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Suppose $X_1,...,X_n$ are iid from $N(\mu,\sigma^2)$ and let $X_{(i)}$ denote the $i$'th smallest element from $X_1,...,X_n$. How would one be able to upper bound the expected maximum of the ratio between two consecutive elements in $X_{(i)}$? That is, how can you calculate an upperbound on:

$$E\left[\max\limits_{i=1,...,n-1}\left(\frac{X_{(i+1)}}{X_{(i)}}\right)\right]$$

The literature that I have been able to find is mostly focused on the ratio between two random variables which results in a ratio distribution for which the pdf for two uncorrelated normal distributions is given here: https://en.wikipedia.org/wiki/Ratio_distribution#Gaussian_ratio_distribution . While this would enable me to upperbound the expected average ratio of $n$ variables I can not see how to generalize this concept to finding the expected maximum ratio of $n$ variables.

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  • $\begingroup$ As whuber has noted below, the expectation of the ratio of two consecutive order stats does not converge. But if it did, or if you are interested in their difference, say $$E\left[\max\limits_{i=1,...,n-1}\left(X_{(i+1)} - X_{(i)} \right)\right]$$ ... the problem should in fact simplify to finding the ratio (or difference, as the case may be) of the two LARGEST order statistics i.e. $$E[X_{(n)} -X_{(n-1)}]$$ ... just from the shape of the Normal tails. $\endgroup$ – wolfies Jun 3 '16 at 17:02
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The expectation is undefined.

Let the $X_i$ be iid according to any distribution $F$ with the following property: there exists a positive number $h$ and a positive $\epsilon$ such that

$$F(x) - F(0) \ge h x\tag{1}$$

for all $0 \lt x \lt \epsilon$. This property is true of any continuous distribution, such a Normal distribution, whose density $f$ is continuous and nonzero at $0$, for then $F(x) - F(0) = f(0)x + o(x)$, allowing us to take for $h$ any fixed value between $0$ and $f(0)$.

To simplify the analysis I will also assume $F(0) \gt 0$ and $1-F(1) \gt 0$, both of which are true for all Normal distributions. (The latter can be assured by rescaling $F$ if necessary. The former is used only to permit a simple underestimate of a probability.)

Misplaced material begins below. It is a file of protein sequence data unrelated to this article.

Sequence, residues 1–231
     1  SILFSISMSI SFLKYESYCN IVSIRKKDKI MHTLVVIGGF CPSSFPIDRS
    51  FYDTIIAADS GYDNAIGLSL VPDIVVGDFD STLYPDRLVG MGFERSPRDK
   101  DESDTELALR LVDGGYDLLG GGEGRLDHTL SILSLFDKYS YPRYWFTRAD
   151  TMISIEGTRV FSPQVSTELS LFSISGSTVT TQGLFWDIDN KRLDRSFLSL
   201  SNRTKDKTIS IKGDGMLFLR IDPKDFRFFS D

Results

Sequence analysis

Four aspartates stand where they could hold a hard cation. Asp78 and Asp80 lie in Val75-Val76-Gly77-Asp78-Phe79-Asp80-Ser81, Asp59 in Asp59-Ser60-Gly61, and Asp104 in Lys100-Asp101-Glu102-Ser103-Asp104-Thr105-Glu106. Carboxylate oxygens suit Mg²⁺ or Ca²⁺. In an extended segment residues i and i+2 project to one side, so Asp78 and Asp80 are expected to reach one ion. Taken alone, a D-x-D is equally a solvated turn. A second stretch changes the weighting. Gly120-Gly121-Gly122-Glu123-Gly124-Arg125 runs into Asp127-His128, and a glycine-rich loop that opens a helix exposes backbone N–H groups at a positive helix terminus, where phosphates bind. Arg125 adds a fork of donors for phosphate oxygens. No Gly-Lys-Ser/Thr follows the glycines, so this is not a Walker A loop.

Let $t \gt 1$ and let us overestimate the survival function of the ratio as

$$\eqalign{ \Pr\left(\frac{X_{(i+1)}}{X_{(i)}} \gt t\right) &= \Pr(X_{(i+1)} \gt t X_{(i)}) \\ &\gt \Pr(X_{(i+1)}\gt 1,\ X_{(i)} \le 1/t) \\ &\gt \Pr(X_{(i+1)}\gt 1,\ 1/t \ge X_{(i)} \gt 0,\ 0 \ge X_{(i-1)}).}$$

That latter probability is the chance that exactly $n-i$ of the $X_j$ exceed $1$, exactly one lies in the interval $(0,1/t]$, and the remaining $i-1$ (if any) are nonpositive. In terms of $F$ that chance is given by the multinomial expression

$$\binom{n}{n-i,1,i-1}(1-F(1))^{n-i}(F(1/t)-F(0))F(0)^{i-1}.$$

When $t \gt 1/\epsilon$, inequality $(1)$ provides a lower bound for this that is proportional to $1/t$, showing that

The survival function $S(t)$ of $X_{(i+1)}/X_{(i)}$, has a tail behaving asymptotically as $1/t$: that is, $S(t) = a/t + o(1/t)$ for some positive number $a$.

By definition, the expectation of any random variable is the expectation of its positive part $\max(X,0)$ plus the expectation of its negative part $-\max(-X,0)$. Since the positive part of the expectation--if it exists--is the integral of the survival function (from $0$ to $\infty$) and

$$\int_0^x S(t) dt = \int_0^x (1/t + o(1/t))dt\; \propto\; \log(x),$$

the positive part of the expectation of $X_{(i+1)}/X_{(i)}$ diverges.

The same argument applied to the variables $-X_i$ shows the negative part of the expectation diverges. Thus, the expectation of the ratio isn't even infinite: it is undefined.

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    $\begingroup$ +1 I was just trying a 'simple' $n = 3$ case myself, and tried evaluating the expectations ... and came to the same conclusion: that the expectation integral does not converge. Perhaps the OP will re-cast the question in a different form, such as differences rather than ratios $\endgroup$ – wolfies Jun 3 '16 at 16:43

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